The promotion of this behaviour is counter to the finer virtues of our species. We are not simply mindless beasts subject to an apathetic race to propagate. The whole fabric of modern societies require a certain amount of rules – some of which may require enforcement. However to protest against stronger governing requires general acceptance of these inherent rules of social order and to act accordingly under one’s own free will for the betterment of all; taxes being one strong social and honourable example of this (which is largely disproportionately the burden of the middle and lower income earners). To further stress the point, I left The Human Island with the following;
Indeed, no man or woman is an island; even a CEO’s wealth comes largely at the work of those on the factory floor (increasingly in developing nations where such labour is cheap). No community is an island; for trade is by far one of the oldest ventures of our civilized cultures. No species is an island, entire to itself; every species is a piece of the continent, part of the main – what we refer to as ecosystems.
We are just a small fragment of the continent of life. We are more fragile than, in our pride, we’d like to admit. We are heavily reliant on a dynamic and little understood network. It is the rest of the continent that keeps us afloat.
If we want free, prosperous and happy societies, disparity simply cannot remain acceptable. Such large societies are only capable of functioning if social practices are employed – either enforced or by choice. There may be a genetic component to such altruism, that really doesn’t matter; large communities are impossible and ultimately self-destructive under dog-eat-dog individualism, “even a CEO’s wealth comes largely at the work of those on the factory floor”.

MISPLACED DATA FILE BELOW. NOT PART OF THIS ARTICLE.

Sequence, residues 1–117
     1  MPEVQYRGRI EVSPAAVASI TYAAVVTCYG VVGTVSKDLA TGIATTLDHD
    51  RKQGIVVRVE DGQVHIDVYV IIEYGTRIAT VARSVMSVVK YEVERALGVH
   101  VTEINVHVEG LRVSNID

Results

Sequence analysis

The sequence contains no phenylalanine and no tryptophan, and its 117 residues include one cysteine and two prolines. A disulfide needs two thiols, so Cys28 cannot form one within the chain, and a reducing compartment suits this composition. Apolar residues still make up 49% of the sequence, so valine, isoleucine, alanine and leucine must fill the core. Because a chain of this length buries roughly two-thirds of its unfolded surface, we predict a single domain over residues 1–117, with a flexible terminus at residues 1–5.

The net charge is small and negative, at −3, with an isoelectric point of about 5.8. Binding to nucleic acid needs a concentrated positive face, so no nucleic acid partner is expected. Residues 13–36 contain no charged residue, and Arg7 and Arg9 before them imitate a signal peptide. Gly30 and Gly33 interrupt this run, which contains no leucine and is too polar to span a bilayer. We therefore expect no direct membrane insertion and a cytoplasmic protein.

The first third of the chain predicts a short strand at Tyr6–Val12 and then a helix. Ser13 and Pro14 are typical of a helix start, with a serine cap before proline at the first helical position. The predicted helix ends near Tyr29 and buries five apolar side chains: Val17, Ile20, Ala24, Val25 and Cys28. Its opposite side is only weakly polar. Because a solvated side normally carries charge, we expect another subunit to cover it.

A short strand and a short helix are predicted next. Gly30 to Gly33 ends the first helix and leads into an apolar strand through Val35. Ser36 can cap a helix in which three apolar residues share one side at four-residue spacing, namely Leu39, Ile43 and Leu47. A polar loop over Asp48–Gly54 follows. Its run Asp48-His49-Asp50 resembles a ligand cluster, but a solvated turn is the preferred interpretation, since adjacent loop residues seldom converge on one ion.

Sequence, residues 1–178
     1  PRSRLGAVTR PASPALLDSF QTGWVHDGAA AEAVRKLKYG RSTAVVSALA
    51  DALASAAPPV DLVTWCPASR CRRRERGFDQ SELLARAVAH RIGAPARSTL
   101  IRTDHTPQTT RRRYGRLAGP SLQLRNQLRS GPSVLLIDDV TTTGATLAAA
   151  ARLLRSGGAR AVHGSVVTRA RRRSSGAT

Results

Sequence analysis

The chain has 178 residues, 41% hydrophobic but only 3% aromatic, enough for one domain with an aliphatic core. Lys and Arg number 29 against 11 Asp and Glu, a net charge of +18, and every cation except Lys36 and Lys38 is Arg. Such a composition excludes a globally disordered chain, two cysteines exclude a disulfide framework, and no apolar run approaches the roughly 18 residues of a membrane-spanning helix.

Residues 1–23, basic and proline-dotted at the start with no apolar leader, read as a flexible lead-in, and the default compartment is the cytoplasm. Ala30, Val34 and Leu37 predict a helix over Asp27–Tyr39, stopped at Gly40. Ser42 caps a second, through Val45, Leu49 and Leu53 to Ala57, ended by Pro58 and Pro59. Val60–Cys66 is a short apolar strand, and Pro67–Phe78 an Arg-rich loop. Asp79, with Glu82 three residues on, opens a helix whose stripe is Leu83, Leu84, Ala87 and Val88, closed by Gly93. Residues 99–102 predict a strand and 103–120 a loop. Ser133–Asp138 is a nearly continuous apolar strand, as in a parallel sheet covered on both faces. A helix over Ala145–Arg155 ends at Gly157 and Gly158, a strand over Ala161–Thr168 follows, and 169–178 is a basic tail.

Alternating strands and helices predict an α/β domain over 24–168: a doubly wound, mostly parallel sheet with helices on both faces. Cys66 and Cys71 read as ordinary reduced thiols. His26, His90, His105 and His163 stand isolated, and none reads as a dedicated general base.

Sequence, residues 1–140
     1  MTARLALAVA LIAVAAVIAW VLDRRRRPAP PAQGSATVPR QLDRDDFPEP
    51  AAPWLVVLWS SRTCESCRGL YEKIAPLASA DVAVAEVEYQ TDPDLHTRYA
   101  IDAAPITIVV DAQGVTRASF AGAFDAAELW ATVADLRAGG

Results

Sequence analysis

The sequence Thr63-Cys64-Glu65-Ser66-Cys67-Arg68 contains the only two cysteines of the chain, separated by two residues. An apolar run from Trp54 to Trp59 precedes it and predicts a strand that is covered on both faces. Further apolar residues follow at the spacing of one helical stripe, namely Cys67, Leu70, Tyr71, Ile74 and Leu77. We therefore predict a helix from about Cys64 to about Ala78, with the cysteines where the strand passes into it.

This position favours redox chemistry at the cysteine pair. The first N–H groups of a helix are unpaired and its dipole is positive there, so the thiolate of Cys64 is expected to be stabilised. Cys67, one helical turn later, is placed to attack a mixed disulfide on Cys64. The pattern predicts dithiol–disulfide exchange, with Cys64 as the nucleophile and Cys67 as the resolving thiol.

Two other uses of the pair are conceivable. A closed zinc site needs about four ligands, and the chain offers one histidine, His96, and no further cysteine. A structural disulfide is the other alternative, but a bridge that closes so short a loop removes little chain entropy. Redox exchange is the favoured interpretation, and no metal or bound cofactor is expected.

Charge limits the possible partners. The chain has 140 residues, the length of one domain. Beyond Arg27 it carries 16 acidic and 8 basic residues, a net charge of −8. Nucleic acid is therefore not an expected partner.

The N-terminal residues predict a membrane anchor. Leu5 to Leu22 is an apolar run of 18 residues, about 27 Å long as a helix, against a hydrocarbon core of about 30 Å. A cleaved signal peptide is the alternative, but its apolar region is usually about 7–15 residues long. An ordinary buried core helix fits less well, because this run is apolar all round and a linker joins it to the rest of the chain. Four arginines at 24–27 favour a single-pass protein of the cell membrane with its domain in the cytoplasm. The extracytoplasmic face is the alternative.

My opening question above is no different in selfishness and in acceptable answers to strong individualism; it’s in my and the fellow users best interests for each of us to pay attention to these rules.
So rigorously do I adhere to them that even when I can see no other vehicles to the horizon, I stay on my side and at the speed limit. Where I’ve previously argued that the strongest opponents of reducing the carbon in our energy supply wish to promote industrial stagnation, here I argue that these same individuals (who generally also loudly oppose tax and industrial reform and scoff at the mention that the current market design is a juggernaut leading us down a dead-end path) promote a social structure that even on a purely humanistic measure, simply cannot sustain itself. Forgetting for a moment all environmental factors that are imperative for human persistence, as Polly put it – where the ladder is long and step, people don’t move – it is very unlikely you can raise poverty without reining in top end wealth.
Not only do we need to ask how can we manage natural resources better, we need to ask how we manage our societies better, to increase internal as well as external prosperity.